• Tech

Leaks, Lies and the HP Way

2 minute read
Barbara Kiviat

The drama at computer maker Hewlett-Packard took a turn for the surreal last week when ex-chairwoman Patricia Dunn and four others were charged with felonies, including identity theft and conspiracy, in a spy scandal that has sparked congressional hearings and a wave of high-profile resignations, including Dunn’s. Nearly two years ago, the media started publishing things only an HP director could know. Dunn tapped private investigator Ronald DeLia to find the leaker. The operation–which included PIs posing as journalists and HP directors in order to access their phone records–fell on the wrong side of the law, according to California’s attorney general. TIME reviews some of the intrigue’s major players.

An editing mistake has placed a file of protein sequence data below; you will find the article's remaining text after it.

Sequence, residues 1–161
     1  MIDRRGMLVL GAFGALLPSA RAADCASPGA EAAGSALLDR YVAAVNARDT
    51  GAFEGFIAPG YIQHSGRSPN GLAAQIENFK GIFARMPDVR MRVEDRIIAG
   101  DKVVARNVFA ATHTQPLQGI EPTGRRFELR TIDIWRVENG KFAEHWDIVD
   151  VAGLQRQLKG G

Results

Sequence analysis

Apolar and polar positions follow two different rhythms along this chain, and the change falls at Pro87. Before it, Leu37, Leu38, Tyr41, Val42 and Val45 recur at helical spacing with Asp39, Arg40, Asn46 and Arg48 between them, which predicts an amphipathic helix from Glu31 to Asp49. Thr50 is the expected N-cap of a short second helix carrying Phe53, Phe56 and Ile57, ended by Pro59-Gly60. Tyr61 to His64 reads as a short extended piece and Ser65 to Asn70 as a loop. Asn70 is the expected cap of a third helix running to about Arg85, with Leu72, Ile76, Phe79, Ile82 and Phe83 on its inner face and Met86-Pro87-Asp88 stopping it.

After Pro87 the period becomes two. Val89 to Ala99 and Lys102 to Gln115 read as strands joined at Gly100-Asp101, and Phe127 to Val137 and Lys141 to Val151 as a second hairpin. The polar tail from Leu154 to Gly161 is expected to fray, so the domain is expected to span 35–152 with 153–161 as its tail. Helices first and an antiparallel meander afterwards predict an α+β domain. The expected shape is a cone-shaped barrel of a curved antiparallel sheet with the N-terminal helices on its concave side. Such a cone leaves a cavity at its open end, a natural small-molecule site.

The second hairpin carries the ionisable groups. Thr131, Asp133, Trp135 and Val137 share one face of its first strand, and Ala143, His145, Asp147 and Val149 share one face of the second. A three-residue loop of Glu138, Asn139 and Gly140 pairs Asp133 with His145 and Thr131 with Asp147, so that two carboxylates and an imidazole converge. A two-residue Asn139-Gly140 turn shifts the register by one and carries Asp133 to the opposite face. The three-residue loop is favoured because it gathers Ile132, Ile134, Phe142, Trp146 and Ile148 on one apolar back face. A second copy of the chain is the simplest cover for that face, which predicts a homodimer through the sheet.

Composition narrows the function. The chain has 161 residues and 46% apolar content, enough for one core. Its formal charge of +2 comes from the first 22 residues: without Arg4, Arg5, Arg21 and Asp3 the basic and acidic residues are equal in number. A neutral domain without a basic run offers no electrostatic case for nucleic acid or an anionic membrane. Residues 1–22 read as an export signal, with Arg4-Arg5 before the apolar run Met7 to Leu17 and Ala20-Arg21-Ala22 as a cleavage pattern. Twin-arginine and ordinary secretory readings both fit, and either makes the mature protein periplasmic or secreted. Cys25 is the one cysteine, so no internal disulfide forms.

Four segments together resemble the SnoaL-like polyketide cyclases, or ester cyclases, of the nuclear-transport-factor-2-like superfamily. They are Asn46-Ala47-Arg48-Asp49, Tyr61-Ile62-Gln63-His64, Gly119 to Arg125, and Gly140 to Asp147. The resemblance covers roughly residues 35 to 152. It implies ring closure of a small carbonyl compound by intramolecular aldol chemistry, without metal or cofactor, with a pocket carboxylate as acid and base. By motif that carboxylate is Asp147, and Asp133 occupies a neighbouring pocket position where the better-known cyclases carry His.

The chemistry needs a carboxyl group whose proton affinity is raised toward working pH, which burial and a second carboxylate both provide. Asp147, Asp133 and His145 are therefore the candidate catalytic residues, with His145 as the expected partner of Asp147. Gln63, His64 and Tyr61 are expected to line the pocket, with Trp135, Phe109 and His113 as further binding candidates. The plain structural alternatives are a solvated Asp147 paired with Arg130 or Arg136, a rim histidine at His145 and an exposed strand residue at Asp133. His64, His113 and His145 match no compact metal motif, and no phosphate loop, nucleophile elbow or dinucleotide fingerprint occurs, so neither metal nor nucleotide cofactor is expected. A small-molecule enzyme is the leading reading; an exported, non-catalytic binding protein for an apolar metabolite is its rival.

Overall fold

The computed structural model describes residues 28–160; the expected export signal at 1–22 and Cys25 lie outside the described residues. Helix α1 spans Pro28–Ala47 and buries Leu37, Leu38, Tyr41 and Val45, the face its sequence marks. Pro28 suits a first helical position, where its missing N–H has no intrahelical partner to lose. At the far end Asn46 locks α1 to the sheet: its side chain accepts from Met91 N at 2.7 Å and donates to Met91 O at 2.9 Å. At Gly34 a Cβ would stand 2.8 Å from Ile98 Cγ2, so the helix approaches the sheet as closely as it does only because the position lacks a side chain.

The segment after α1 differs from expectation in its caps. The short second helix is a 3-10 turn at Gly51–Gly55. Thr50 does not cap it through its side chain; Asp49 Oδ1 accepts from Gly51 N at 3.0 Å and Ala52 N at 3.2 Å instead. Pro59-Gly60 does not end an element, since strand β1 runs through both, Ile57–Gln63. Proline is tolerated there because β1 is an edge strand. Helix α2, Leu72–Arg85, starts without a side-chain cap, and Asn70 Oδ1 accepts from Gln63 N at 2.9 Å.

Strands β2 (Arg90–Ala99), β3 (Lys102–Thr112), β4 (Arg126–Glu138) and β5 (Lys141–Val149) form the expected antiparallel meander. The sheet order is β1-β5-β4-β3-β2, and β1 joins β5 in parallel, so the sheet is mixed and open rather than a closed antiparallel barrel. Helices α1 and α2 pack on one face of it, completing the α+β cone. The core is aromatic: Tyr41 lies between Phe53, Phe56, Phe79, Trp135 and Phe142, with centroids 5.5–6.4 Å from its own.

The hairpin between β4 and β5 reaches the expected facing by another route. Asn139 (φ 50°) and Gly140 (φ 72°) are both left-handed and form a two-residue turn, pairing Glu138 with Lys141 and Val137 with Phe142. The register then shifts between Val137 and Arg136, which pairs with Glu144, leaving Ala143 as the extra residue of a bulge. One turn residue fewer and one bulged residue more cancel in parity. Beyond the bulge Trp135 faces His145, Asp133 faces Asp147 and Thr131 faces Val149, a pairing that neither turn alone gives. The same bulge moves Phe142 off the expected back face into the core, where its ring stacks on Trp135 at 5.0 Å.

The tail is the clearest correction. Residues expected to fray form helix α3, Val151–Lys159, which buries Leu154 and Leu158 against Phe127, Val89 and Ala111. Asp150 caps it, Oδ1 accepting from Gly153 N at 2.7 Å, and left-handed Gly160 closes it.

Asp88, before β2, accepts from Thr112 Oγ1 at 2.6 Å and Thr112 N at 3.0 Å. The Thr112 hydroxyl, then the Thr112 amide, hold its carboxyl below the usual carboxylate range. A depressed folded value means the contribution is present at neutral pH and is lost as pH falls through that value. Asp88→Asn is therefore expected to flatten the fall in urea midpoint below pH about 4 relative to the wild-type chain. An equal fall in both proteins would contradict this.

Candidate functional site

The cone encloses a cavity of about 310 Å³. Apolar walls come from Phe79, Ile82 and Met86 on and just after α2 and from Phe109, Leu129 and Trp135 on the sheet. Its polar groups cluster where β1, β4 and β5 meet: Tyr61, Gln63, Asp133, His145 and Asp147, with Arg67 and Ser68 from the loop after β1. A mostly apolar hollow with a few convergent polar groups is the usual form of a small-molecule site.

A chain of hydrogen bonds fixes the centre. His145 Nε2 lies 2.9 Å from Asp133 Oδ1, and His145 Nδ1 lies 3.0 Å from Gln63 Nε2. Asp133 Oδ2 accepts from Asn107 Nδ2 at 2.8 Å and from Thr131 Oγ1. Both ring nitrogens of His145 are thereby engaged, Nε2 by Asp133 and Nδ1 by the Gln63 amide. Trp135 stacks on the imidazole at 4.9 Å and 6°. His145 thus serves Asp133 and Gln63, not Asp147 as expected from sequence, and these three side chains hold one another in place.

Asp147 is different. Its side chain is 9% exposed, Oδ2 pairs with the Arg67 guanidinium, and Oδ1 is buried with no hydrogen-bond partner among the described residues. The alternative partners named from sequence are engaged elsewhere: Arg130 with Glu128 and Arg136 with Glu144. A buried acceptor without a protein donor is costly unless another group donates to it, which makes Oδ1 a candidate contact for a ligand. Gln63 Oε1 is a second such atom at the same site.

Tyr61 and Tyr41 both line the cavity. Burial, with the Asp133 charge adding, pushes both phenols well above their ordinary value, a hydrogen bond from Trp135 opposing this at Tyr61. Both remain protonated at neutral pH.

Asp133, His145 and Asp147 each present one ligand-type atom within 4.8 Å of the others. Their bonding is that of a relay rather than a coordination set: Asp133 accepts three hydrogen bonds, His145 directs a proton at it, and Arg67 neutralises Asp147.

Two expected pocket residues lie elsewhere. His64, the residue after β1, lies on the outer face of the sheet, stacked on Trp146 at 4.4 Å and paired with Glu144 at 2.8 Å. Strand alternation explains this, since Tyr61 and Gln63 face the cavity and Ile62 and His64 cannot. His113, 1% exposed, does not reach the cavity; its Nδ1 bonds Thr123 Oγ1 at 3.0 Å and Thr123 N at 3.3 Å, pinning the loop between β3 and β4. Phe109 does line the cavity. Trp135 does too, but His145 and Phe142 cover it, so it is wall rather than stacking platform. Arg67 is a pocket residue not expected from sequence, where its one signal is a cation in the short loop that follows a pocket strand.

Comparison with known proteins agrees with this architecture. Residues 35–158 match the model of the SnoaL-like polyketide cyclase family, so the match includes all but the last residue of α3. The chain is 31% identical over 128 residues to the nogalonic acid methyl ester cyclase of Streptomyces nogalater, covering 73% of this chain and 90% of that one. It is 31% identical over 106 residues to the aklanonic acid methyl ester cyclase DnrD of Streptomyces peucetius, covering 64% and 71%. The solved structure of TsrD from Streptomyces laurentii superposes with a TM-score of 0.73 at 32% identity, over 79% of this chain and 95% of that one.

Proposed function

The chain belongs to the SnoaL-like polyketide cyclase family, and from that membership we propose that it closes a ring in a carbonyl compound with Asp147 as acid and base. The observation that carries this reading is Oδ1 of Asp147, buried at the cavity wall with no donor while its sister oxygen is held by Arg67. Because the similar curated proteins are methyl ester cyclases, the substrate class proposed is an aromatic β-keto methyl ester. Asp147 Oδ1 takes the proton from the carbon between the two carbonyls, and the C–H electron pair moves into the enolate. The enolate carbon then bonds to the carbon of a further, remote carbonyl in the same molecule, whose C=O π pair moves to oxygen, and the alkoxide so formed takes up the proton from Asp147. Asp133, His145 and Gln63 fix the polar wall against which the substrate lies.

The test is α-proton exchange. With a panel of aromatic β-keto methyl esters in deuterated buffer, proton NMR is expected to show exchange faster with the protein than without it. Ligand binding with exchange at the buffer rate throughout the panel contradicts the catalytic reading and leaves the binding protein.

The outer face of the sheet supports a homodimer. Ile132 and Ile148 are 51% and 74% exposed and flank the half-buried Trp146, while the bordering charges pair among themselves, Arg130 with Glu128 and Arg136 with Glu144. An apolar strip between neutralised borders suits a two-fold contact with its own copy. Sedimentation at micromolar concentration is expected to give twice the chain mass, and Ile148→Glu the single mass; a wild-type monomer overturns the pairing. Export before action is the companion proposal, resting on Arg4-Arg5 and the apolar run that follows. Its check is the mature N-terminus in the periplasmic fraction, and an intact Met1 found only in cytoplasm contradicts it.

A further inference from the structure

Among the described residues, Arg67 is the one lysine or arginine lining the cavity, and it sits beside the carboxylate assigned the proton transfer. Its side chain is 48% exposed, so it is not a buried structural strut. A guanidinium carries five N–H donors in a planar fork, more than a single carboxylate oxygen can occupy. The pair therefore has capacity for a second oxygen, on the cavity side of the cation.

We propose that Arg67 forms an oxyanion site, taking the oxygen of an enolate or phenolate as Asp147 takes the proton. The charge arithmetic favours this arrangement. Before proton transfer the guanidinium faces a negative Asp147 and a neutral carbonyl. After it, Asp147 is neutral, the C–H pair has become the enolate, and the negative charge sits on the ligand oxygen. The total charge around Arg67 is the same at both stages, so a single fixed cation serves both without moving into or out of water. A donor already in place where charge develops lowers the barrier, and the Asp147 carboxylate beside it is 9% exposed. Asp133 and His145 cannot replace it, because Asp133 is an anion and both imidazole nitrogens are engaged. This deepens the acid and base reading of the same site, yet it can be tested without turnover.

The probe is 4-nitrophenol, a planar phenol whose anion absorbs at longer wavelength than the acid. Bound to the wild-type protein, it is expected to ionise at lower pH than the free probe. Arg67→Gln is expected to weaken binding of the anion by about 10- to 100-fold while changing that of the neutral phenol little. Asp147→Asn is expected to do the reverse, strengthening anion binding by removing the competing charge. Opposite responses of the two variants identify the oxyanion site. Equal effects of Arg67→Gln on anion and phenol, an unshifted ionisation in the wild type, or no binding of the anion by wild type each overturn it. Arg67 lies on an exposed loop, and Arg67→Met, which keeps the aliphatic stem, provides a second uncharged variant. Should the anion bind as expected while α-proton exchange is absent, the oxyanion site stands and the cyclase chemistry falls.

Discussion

THE PLAYER THE CLAIM THE RESPONSE THE SHOCKER Patricia Dunn Accused of knowing that DeLia’s underlings were obtaining phone records “by ruse” and playing along Says she thought the records were public and HP lawyers told her the legwork was kosher Possible jail time isn’t her biggest worry; she was due to start chemo for ovarian cancer last week Ronald DeLia Like the other defendants, charged with conspiracy, fraud and using personal data without permission Took the Fifth in front of Congress. After being indicted, said he respected the law—and had not broken it Impersonating someone to get phone records isn’t always illegal. He was charged under broad fraud laws Mark Hurd HP’s CEO didn’t even bother to read a report prepared by the investigators. Prosecutors aren’t going after him Apologizes to anyone willing to listen—including Congress—for not paying more attention to the leak probe It turns out at least one CEO focuses on the boring details of running a company’s operations Carly Fiorina HP’s poor performance led to the 2005 ouster of the onetime CEO, providing much fodder for leaks Retorts, in an amazingly timed book out this week, that she laid groundwork for HP’s recent success Ordered an investigation into earlier leaks right before being fired—but it didn’t yield results either

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